. '75 Ji':B1DERAL REPORTER.
ing said patented invention, and, threaten to continue using them. The bill further charges that thl:) Southern PacIfic Company is a railway corporation engaged in transporting and hauling for hire the cars containing the said patented invention, and in operating and manipulating the ventilators while hauling said cars. The Southern Pacific Company has appeared specially for the purpose of objecting to the jurisdiction of the court, and moves to dismiss the bill of complaint on the ground that the court has nQ jurisdiction of the person of said defendant, in that it appears upon the face of t4ebill that the defendant is a corporation organized and existing under the laws of the state of Kentucky, and is therefore an inhabitant of the state of Kentucky, and not an inhabitant of the Northern district of California. The motion is based upon the provisions of the act of .March 3, 1887, as corrected by the act of August 13, 1888 (25 Stat. 433). The act provides:
"Hut nO person shall be arrested in one dIstr;ct for trial in another in any civil action before a circuit or district court; and no civil suit shall be brought before either of said courts against any person by any original process or proceedIng in any other district than that whereof be Is an inhabitant."
Thesuj)reme court has held that under this act a corporation incorporated in one state only, and doing business in another state, is not thereby liable to be sued in a circuit court of the United Stf1'tes held' in the latter state. Southern Pac. Co. v. Denton, 146 U. S. 202, 13 Sup. Ct. 44. But it has also been held that this exemption does not apply to an alien or a foreign corporation sued here, and especIally in a suit for tb,e infringement of a patent right, exclusive jurisdiction of which is conferred upon the cIrcuit court by the fifth s\1.bdivision of section 711 of the Revised Statutes, and jurisdiction of the defendant may be obtained in any district where a valid service can be made on the defendant. In re Hoborst, 150 U. S. 659, 14 Sup. Ct. 221; In re Keasbey & Mattison Co., 160 U. S. 221, 16 Sup. Ct. 273; Smith v. Manufacturing Co., 67 Fed. 801; Button Works v. Wade, 72 Fed. 298. The motion of the Southern Pacific Company to dismiss the action as against that corporation will therefore be denied. The defendant Graham also objects to the jurisdiction of the on the ground that he is not an inhabitant of the Northern district of California. He was a defendant in the original action at law in this court, and he submitted to the jurisdiction of the court without objection on this ground, and a judgment was rendered against him. The present action is based upon alleged infringements in this district, and the defendant was personally served in this district. This is sufficIent to give jurisdiction in :his case. Aside from this, the same reasons upon which the motion of the Southern PacIfic' Company to dismiss has been denied are applicable to the defendant Graham. Button Works v. Wade, supra. We come now to the question whether, on the showing made upon the order to show cause, the complainant is entitled to a preliminary injunction. The right to such an injunction is based upon the prior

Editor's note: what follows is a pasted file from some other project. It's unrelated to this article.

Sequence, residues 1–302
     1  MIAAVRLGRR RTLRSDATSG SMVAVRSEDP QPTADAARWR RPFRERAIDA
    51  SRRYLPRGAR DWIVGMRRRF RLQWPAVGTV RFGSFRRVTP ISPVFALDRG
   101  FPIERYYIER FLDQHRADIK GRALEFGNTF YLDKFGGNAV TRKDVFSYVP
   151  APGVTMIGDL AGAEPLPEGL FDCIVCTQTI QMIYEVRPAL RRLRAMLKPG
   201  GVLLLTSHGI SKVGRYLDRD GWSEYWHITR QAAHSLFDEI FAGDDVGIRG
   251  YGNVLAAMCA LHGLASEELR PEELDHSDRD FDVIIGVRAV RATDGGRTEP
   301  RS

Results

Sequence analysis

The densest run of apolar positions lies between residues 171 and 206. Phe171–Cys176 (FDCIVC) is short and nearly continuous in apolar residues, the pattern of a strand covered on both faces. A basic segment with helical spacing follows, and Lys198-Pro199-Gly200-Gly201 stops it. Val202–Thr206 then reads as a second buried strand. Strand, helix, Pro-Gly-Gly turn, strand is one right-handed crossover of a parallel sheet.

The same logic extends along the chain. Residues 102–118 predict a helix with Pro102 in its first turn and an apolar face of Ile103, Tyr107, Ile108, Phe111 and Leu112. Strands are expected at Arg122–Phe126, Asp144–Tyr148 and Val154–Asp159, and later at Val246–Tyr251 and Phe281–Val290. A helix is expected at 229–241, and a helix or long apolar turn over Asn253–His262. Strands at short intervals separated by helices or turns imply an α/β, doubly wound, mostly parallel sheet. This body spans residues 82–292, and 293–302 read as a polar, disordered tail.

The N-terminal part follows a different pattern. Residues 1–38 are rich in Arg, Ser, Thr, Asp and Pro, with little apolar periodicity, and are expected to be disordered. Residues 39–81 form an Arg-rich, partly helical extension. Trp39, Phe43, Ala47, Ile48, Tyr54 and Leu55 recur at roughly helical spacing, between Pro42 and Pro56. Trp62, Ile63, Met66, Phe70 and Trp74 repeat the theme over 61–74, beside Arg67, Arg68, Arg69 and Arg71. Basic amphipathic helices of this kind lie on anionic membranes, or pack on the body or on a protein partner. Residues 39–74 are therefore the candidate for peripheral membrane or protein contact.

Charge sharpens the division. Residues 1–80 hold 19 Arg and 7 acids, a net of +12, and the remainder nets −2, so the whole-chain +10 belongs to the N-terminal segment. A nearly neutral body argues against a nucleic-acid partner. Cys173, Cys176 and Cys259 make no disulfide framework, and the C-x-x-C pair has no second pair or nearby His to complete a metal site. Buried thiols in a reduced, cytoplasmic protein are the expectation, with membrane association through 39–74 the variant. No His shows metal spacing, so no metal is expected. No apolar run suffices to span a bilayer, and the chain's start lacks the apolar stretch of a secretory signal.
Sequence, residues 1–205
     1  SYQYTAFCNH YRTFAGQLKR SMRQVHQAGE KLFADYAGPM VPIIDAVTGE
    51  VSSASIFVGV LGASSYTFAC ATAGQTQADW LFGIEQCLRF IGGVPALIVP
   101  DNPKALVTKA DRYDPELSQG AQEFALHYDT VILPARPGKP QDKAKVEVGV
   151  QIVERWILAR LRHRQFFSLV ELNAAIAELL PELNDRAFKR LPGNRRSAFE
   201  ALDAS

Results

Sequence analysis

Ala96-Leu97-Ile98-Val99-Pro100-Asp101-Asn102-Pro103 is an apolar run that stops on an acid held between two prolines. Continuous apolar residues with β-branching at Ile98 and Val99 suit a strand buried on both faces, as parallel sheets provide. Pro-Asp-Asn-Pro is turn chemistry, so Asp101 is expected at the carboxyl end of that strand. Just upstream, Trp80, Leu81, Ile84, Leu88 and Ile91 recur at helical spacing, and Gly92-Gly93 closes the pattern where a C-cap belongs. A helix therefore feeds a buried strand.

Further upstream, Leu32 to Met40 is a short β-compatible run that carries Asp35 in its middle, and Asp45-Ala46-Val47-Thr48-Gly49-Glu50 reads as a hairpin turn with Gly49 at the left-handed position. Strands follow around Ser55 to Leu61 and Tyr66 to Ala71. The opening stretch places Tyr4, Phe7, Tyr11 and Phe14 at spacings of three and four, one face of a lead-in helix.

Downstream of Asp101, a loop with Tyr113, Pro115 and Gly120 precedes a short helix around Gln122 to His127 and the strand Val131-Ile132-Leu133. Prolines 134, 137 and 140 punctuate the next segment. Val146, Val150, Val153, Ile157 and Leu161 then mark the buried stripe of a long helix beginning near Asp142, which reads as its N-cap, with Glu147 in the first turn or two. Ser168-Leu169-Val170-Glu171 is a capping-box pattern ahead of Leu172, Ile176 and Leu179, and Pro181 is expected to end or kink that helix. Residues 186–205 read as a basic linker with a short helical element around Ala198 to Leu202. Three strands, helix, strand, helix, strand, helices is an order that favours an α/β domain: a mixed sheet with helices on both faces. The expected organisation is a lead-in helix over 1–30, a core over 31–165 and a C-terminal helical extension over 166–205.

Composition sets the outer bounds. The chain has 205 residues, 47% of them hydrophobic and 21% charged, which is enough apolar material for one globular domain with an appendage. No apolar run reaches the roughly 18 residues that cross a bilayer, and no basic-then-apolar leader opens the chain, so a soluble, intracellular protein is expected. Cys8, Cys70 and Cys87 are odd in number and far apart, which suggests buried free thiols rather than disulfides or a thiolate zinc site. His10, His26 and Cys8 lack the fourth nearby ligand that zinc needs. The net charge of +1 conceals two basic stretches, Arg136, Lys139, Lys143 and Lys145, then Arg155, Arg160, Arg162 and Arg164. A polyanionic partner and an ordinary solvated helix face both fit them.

EARL V. SOUTHERN PAC. CO.
adjudication in the action at law. The general rule on this subject is stated in Rob. Pat. § 1181, as follows:
"A. judgment in the circuit court of tht! same circuit, sustaining the patent between the same parties and upon the same issues, is sufficient evidence of its validity for the purposes of a SUbsequent injunction."
See, also, section 1184, and the following authorities: Putnam v. Bottle-Stopper Co., 38 Fed. 234; Heysinger v. Rouss, 40 Fed. 584; Eagle l\Ianuf'g Co. v. David Bradley Manuf'g Co., 50 Fed. 193; Edi· son Electric Light Co. v. Beacon Vacuum Pump & Electrical Co., 54 Fed. 687; Macbeth v. Glass Co., Id. 173; Edison Electric Light Co. v. Electric Manuf'g Co., 57. Fed. 616; Id., 10 C. C. A. 106, 61 Fed. 834; Woodard v. Stamping Co., 68 Fed. 717; Johnson Steel Street Rail Co. v. William Wharton, Jr., & Co., 152 U. S. 252, 257, 14 Sup. Ct. 608. In Edison Electric Light Co. v. Beacon Vacuum Pump & Electrical Co., supra, Colt, J., used the following language:
"The general rule 1s that where the validity of a patent has been sustained by a prior adjudication, and especially after a long, ardUOUS, and expensive litigation, the only question open on motion for a preliminary injunction in a subsequent suit against another defendant is the question of infringement, the consideration of other defenses being postponed until final hearing. Brush Electric Co. v. A.ccumulator Co., 50 Fed. 833; Robertson v. Hill, 6 Fish Pat. Cas. 465, Fed. Cas. No.1l,9:t5; Cary v. Spring-Bed Co., 27 Fed. 299; Coburn v. Clark, 15 Fed. 804; Manufacturing Co. v. Hickok, 20 Fed. 116; Green v. French, 4 Ban. & A. 169, Fed. Cas. No. 5,751; Blanchard v. Reeves, 1 Fisb. Pat. Cas. 103, Fed. Cas. No. 1,515; Goodyear v: Rust, 6 Blatchf. 229, Fed. Cas. No. 5,584; Cary v. Manufacturing Co., 24 Fed 141; Manufacturing Co. v. WoodrUff, 5 Biss. 444, Fed. Cas. No. 12,368; Manufacturing Co. v. White, 1 McCrary, 155, 1 Fed. 604; Putnam v. Bottle-Stopper Co.· 38 Fed. 234; Consolidated. Bunging Apparatus Co. v. Peter Schoenhofen Brewing Co., 28 Fed. 428; Newall v. Wilson, 2 De Gex, M. & G. 282; Davenport v. Jepson,4 De Gex, F. & J. 440; Bovill v. Goodier, 35 Beav. 427. The only exception to this general rule seems to be where the new evidence is of such a conclusive character that, if it had been introduced in the former case, it probably would have led to a different conclusion. The burden is on the defendant to establish this, and every reasonable doubt must be resolved against him. Ladd v. Cameron, 25 Fed. 37; Cantrell v. Wallick. 117 U. S. 689, 6 Sup. Ct. 970; Winans v. Eaton, 1 Fish. Pat. Cas. 181, l!'ed. Cas. No. 17,861; Machine Co. v. Adams, 3 Ban. & A. 96, Fed. Cas. No 752; Spring Co. v. Hall. 37 Fed. 691; Lockwood v. Faber, 27 Fed. 63; Glaenzer v. Wiederer, 33 Fed. 583; Cary v. Spring-Bed Co., 26 Fed. 38."